“Working toward making Bethel a place that is welcoming to all is important to me,” Amy Dykstra, Professor of Biological Sciences and participant in the workshop said. “I think the thing I most appreciate about the Micah 6:8 workshops is the opportunity to hear from my colleagues who do not look like me and who have different perspectives on what it is like to be a person of color in the United States, and at Bethel University. They have shared stories that open my eyes – if only a little bit – to what they experience on a day-to-day basis.”
Dr. Peg McCormick and Dr. Shawn Moore presented information in the “Walk Humbly: Exploring Cultural Bias” workshop in January, which explored how the human mind is wired in relation to racial reconciliation.
McCormick, a Bethel education professor, has spent most of her life studying educational psychology. She became particularly fascinated by the neuroscience behind implicit bias, which she says is rooted in “fear, suspicion and judgment of the out-group.” McCormick believed that uncovering implicit biases would be the best starting point in the Micah 6:8 workshop because it is a universal concept for all humans.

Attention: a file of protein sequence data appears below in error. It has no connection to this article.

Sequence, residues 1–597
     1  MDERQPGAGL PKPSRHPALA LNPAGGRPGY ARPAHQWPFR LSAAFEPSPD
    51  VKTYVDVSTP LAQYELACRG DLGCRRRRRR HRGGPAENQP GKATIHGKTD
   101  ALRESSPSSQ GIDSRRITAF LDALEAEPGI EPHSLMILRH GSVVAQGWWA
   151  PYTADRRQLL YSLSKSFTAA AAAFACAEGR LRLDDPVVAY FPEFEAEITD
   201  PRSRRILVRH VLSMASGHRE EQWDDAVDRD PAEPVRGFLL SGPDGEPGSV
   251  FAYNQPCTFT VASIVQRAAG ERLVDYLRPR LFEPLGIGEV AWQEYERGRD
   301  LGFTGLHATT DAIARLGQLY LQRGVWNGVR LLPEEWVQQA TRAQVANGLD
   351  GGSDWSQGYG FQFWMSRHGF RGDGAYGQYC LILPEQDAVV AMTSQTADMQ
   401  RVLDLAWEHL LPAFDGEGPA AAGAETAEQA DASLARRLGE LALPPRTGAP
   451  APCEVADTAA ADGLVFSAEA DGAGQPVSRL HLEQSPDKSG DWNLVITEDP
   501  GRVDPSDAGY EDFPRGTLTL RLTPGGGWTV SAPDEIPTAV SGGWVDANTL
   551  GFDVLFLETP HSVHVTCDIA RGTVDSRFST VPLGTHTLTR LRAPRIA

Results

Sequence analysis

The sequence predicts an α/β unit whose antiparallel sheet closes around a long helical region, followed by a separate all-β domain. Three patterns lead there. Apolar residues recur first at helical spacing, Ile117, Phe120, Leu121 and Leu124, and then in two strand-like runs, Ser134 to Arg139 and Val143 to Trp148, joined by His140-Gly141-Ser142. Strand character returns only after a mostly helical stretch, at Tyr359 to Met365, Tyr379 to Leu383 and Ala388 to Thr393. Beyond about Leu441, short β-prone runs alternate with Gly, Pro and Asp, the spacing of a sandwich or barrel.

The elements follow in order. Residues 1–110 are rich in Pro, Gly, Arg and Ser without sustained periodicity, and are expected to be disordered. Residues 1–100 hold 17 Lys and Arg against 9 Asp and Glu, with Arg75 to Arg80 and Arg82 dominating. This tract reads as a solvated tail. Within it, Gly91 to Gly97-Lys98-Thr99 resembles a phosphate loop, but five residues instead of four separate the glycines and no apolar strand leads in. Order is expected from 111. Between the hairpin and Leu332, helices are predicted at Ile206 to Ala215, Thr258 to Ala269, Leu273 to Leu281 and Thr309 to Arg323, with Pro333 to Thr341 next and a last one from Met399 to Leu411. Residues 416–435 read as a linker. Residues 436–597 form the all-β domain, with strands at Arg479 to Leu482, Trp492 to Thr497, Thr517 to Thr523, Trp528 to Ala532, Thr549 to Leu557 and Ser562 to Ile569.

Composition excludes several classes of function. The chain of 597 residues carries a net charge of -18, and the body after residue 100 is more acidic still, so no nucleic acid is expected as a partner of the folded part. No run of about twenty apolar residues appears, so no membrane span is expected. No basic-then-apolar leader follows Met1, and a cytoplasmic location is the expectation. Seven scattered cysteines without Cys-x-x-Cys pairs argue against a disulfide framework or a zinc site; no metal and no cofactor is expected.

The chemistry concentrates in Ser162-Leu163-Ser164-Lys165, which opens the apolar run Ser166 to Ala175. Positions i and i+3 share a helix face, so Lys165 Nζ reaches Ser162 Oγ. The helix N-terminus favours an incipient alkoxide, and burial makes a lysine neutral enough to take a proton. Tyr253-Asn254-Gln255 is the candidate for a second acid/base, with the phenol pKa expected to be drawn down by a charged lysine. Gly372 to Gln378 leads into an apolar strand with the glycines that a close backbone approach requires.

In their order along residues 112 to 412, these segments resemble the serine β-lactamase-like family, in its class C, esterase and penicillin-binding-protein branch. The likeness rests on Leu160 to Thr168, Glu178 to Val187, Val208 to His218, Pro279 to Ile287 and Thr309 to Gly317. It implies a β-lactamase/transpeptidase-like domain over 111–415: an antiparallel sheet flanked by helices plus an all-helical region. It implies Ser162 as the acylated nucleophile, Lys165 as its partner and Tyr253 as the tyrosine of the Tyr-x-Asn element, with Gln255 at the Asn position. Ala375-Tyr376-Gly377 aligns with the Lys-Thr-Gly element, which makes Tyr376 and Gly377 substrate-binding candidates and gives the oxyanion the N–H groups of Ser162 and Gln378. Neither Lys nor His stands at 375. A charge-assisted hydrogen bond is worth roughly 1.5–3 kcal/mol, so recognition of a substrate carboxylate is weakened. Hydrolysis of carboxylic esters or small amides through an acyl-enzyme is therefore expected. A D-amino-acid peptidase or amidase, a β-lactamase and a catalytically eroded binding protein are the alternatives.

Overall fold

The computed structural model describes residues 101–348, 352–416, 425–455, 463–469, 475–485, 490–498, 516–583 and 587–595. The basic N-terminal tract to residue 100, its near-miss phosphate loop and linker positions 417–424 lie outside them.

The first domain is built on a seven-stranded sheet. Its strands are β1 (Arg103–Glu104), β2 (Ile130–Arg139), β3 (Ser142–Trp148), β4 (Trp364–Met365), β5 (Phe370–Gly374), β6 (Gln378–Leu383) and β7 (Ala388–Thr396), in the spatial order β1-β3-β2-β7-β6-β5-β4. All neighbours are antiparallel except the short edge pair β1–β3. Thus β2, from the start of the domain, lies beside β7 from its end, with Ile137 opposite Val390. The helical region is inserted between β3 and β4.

“It kind of levels the field for us all to start in the same place and acknowledge that we all have implicit bias,” McCormick said, “It helped to bring everybody’s guard down. We’re all in this together.”
McCormick said these workshops and initiatives are important for predominantly White institutions because they don’t always provide an environment where community members are honest about their tendencies to judge and prefer in-groups.
“You have to keep showing up and you have to keep making space for the conversations,” McCormick said. “…If you stop watering, those dormant seeds will never wake up.”
The goal for the first Micah 6:8 workshop was for participants to leave with tangible action steps, said Diversity and Inclusion Associate Pang Moua. Alongside Data Steward and Administrative Assistant Melanie Cole, Moua spoke on topics of dialogue and human interaction in February’s workshop, “Love Mercy: Engaging in Authentic Conversations.”
The third workshop, slated for April 1, 13 and 15, “Do Justice: Honoring Culture in Documents & Syllabus Design,” will focus on creating syllabi, assignments, meetings, assessments and websites that are inclusive and reminiscent of the safe, welcoming environment Bethel is aiming to create for all students. Alquicira has a deep appreciation for the professors who have made it a point to be intentionally inclusive in their curriculum, bringing in different perspectives than that of Bethel’s prevailing white middle-class.